Orihuela Council aims to put an end to one of the main complaints that they regularly hear from residents of the coast: the excessive build-up of illegal garden waste just sitting around and rotting in the streets.
The local ordinance prohibits the deposit of such waste on public roads which is punishable by a fine, but until now there have been very few sanctions imposed because of the difficulty in catching offenders.
Not only does the practise present a bad image, but as the prunings gradually deteriorate and rot on the sides of the roads they also present a risk to health.
But we are told that it is all about to change, thanks to the collaboration between the Department of Street Cleaning and the Local Police.
Since the beginning of the year two agents have been especially dedicated to the task of keeping an eye on the streets of Orihuela Costa, looking out for any garden waste. The police have also introduced specific controls, especially in those areas where they know that waste is regularly abandoned, either by residents or by garden maintenance companies.
This greater control is already producing results which, in the first 4 months of the year, have seen sanctions doubled and, for fear of being caught, the amount now deposited in the streets of Orihuela Costa has been generally reduced.
There are currently 23 disciplinary proceedings being processed for infringing the Municipal Urban Cleaning Regulatory Ordinance, in addition to which 7 further complaints are currently being investigated. This is twice as many as last year, when there was a total of 15, and almost triple that of 2016, when there were just 12.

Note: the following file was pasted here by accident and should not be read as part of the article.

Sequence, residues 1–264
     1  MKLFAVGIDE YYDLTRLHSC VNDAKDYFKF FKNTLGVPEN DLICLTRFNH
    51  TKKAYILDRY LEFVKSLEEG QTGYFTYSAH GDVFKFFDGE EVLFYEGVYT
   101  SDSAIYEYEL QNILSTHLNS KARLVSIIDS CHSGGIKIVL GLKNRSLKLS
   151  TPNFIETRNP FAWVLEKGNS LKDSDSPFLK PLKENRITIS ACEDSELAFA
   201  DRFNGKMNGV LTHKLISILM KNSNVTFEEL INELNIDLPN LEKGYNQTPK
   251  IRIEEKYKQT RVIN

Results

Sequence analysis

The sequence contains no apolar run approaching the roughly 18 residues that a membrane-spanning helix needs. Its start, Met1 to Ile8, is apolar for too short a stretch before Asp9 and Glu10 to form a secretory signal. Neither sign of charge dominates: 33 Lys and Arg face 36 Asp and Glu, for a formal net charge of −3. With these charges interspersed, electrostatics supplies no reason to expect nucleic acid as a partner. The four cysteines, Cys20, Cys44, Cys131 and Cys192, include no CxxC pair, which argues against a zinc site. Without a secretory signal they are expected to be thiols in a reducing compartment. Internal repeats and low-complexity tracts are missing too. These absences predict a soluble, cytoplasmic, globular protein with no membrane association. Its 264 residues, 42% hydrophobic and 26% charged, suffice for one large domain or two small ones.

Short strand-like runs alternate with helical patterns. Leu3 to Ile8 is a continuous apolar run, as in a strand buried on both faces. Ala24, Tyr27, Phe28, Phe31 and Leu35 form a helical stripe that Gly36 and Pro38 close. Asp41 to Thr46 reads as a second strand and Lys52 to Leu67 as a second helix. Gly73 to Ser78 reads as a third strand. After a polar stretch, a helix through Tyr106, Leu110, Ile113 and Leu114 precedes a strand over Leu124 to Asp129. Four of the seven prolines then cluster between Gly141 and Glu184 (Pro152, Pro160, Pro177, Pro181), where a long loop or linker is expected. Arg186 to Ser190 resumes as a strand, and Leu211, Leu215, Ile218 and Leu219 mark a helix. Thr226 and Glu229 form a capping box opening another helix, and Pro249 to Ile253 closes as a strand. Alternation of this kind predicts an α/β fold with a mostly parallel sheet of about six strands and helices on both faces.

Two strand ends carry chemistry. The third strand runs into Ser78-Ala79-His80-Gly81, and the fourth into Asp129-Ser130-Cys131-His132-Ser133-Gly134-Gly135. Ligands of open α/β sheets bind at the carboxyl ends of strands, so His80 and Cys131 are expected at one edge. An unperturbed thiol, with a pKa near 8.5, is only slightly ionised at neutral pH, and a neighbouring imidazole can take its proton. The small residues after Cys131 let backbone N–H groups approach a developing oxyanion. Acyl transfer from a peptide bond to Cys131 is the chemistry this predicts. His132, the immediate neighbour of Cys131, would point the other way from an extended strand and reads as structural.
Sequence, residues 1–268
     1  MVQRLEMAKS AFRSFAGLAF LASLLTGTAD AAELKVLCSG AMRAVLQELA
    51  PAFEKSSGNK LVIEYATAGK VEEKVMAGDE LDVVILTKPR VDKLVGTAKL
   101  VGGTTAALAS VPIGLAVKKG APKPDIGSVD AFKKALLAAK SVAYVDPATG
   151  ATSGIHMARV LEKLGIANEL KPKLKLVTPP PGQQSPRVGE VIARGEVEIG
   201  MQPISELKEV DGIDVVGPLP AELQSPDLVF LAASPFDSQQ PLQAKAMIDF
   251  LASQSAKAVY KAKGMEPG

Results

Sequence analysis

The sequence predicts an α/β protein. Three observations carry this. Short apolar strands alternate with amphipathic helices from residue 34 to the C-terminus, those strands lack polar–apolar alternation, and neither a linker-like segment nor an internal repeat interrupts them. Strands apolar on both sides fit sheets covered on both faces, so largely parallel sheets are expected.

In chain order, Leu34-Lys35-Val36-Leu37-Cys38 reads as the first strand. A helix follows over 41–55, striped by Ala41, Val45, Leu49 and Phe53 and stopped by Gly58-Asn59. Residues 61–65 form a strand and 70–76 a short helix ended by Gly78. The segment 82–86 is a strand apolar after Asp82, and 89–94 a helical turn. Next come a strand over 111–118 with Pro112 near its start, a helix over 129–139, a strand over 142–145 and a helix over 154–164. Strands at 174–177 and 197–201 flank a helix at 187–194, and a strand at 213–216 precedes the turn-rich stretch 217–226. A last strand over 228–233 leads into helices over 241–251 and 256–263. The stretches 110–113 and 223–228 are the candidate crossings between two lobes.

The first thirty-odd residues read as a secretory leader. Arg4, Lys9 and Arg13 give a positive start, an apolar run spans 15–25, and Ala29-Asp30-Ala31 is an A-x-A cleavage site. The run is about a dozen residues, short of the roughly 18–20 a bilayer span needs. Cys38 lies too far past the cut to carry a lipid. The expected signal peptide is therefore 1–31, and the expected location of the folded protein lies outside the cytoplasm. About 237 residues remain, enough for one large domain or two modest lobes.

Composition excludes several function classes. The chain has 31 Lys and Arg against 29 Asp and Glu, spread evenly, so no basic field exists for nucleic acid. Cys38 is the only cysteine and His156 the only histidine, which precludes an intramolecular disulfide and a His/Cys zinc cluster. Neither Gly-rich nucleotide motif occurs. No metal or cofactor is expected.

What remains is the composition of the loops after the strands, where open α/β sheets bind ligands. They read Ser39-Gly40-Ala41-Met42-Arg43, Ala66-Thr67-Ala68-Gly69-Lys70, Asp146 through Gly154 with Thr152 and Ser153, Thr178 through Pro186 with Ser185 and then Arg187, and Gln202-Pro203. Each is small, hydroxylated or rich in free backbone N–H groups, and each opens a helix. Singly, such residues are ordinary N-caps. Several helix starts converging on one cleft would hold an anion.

The majority of sanctions are for depositing garden waste and pruning on the public road although other sanctions include 3 for spraying graffiti and dropping litter; 2 for urinating on public roads; and 2 for depositing building materials. Of these, 17 have been imposed on the Coast and 6 in the urban area.
Penalties for violating the ordinance range from 750 euros for a first or a minor offence which can rise to 1,500 euros for repeat offenders and 3,000 euros for those offences that are considered to be more serious.
At the moment, the Local Police are only fining those who are depositing large quantities of garden waste but they are also warning those residents they catch leaving lesser amounts.
The neighbourhood collaboration has also increased enormously since, in addition to the offenders hunted by the agents, many members of the public assist by photographing the vehicles of the offenders, mostly maintenance companies, and sending them to Street Cleaning.